Kyle Sandilands Faces Backlash After Homophobic Monkeypox, ‘Gay Disease’ Jibes
Kyle Sandilands has fallen under public criticism after his comments about Monkeypox which aired on popular radio show, The Kyle and Jackie O on Tuesday, where he described it as the “big gay disease floating around.”
After Sandilands request for co-host Jackie O to be vaccinated against whooping cough before meeting his newborn son, Otto, producer Ross asked whether he needed to also be vaccinated against Monkeypox.
“What about me, do I need the Monkeypox vaccine?” Ross asked. Sandilands responded that the couple were not “letting any gays near him.”
The Tuesday morning radio show was still available to download on Friday, where listeners heard him making derogatory comments to the LGBTQI+ community where he described lesbians as “hairy armed old lesos” and joked about catching thrush from “dirty girls”.
The radio host criticised Ross when he said he wasn’t planning on getting the vaccine as he was in a committed relationship, before asking “what’s wrong with you gays?”, as well as joking that Ross’ partner may be unfaithful.
Controversy follows Sandilands
The controversial host has fallen under criticism several times over his radio career, including when he declared that Australian actress Magda Szubanksi “could be skinny” if she were in a “concentration camp” and for questioning a 14-year-old rape victim about her sexual history during an on-air live detetctor test back in 2009.
The host called Ross’ partner, Damien and questioned his stance on the viral disease. “The Monkeypox. The big gay disease floating around, it’s only the gays getting it. Are you worried about getting it?” Sandilalds asked.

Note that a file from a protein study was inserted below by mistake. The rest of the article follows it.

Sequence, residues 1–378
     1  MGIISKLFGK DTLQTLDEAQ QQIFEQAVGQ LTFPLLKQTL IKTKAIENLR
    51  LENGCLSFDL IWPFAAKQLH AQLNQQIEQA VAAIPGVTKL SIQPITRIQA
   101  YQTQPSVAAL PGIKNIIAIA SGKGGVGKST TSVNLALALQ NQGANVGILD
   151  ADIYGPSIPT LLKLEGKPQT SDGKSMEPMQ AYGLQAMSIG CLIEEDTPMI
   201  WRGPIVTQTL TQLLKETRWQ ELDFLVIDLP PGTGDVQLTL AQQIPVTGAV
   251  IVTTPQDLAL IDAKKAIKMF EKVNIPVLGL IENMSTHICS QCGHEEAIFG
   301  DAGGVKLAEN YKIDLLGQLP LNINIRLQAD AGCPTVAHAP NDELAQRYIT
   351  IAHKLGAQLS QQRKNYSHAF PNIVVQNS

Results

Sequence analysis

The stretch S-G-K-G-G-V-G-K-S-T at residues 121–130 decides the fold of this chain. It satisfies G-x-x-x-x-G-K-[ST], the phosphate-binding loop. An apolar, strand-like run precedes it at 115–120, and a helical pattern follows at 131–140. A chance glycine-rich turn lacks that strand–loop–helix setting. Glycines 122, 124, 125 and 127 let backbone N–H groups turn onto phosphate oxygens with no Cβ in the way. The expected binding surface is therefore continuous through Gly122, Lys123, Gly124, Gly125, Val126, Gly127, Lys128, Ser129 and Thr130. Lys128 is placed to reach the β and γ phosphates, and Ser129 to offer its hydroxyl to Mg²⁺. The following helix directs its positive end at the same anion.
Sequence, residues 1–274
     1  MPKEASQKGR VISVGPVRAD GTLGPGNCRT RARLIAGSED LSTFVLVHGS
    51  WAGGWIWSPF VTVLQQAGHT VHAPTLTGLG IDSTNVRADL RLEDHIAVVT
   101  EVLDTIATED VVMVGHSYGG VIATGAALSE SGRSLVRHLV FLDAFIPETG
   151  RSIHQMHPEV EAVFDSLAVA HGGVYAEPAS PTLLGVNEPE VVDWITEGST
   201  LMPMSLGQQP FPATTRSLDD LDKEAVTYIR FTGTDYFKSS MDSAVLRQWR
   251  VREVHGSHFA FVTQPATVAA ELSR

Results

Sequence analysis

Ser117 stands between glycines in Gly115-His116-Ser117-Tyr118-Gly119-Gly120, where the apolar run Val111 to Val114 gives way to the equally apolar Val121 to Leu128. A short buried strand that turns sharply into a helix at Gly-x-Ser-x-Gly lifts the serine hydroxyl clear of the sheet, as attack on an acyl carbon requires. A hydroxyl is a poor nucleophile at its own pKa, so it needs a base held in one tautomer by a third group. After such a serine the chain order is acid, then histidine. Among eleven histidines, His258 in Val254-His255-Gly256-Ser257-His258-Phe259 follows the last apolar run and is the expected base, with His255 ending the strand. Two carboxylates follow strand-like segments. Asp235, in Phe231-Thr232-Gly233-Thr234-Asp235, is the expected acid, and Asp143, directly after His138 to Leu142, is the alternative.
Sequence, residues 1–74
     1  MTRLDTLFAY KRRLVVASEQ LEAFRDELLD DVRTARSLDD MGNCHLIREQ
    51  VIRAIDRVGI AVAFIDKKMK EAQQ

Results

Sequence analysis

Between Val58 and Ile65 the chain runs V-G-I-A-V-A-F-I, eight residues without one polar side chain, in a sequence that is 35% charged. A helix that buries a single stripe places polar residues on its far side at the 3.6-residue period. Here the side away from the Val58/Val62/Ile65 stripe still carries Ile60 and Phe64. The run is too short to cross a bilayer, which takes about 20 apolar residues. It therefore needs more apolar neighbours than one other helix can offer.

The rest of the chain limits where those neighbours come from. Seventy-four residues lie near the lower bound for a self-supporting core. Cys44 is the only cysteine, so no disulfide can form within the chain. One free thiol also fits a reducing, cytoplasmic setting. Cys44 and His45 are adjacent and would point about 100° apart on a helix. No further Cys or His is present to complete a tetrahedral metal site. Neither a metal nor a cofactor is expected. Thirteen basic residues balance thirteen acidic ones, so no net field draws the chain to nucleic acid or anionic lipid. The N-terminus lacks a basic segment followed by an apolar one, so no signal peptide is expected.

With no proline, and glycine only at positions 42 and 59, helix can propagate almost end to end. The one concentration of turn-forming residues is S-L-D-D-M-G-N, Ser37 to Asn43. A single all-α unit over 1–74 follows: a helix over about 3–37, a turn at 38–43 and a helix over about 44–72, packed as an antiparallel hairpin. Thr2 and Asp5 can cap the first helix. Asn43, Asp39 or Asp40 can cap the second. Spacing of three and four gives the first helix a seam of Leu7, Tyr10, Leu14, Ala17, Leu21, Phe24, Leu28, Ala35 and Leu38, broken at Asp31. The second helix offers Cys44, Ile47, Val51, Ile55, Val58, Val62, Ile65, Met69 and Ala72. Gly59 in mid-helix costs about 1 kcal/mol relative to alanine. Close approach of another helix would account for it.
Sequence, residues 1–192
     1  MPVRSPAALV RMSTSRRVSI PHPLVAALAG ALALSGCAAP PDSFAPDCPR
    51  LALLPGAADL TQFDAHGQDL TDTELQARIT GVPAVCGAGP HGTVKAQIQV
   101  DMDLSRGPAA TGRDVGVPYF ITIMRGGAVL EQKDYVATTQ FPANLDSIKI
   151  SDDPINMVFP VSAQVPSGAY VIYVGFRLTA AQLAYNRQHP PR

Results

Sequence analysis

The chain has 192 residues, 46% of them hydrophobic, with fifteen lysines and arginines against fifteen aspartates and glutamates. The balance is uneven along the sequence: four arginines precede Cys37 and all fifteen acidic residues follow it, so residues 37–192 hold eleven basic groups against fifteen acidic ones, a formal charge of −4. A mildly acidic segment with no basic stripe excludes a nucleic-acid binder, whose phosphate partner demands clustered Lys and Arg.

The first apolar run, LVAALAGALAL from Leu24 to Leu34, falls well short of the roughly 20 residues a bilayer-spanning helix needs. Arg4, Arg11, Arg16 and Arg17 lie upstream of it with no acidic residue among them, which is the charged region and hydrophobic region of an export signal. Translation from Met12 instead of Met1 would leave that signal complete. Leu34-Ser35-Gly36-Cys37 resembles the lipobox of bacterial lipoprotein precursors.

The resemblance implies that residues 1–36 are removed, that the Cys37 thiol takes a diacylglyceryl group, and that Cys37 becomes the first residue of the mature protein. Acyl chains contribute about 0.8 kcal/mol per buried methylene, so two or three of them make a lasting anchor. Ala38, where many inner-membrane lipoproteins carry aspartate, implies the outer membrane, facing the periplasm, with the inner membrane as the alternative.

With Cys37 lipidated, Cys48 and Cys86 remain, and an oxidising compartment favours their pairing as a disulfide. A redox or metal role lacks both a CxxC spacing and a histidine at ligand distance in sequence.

When Damien said he wasn’t worried, Sandilands poked him further, asking whether he was aware of the “big dirty scabs that everyone gets?”
Sandilands phoned the show’s medical expert Dr Sam Hay (Dr KIIS) for advice on monkeypox, asking whether it was true that when people “eat bananas, your chance of getting monkeypox skyrockets?
Sandilands voiced his concern about contracting the disease from gay colleagues, stating that he was “putting my life in the gays’ hands as well”. He asked whether it was possible to get the virus by touching someone who was gay before adding that if he was a medical professional, he would attach a sign to his door stating “no monkeypox patients admitted” to prevent “dirty monkeypox victims”.
He joked to Dr KIIS to do the same, asserting “I think you can do whatever you want as a doctor,’ Sandilands said.
‘You don’t have to have every Tom, Dick, and bloody dirty monkeypox victim coming in there, do ya?
The Australian Radio Network (ARN) has come to Sandilands defence for his comments, stating “’Kyle is renowned for his colourful vernacular.”
‘We appreciate that those unaccustomed to his expressions may consider the content opinionated, and the range of topics discussed on the show are not to everyone’s taste.’
Outrage on social media
Sandilands received backlash on social media, with some condemning him for his words of “ignorance” that was an open attack on the LGBTQI+ community.
Twitter user @Bentleyman00 posted, “The fact Kyle Sandilands has kept his job has been emblematic for years that money is more important than integrity in radio. His monkeypox comments show his absolute ignorance and incorrect belief that it’s not already circulating among non-gay men. #fool”
The fact Kyle Sandilands has kept his job has been emblematic for years that money is more important than integrity in radio. His monkeypox comments show his absolute ignorance and incorrect belief that it’s not already circulating among non-gay men. #fool
— Jordan Bentley (@Bentleyman00) August 27, 2022
ReachOut CEO Ashley de Silva spoke to Sky News, condemning “all hate speech against LGBTQI+ people including comments by Kyle Sandilands.”
“We know that Monkeypox is of growing concern across the whole community. Incorrectly labelling a disease in this way only increases stigma and can prevent people from seeking treatment.
There have been 44 cases of monkeypox identified in NSW since 20 May 2022.